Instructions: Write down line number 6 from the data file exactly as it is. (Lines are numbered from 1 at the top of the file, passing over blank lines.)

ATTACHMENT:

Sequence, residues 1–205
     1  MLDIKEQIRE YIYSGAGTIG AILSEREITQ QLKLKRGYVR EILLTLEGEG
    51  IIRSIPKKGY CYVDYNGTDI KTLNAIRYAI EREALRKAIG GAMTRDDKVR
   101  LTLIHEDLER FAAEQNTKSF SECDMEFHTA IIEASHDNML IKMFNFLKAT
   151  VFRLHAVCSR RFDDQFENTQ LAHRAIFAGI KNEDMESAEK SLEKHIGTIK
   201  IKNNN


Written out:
   201  IKNNN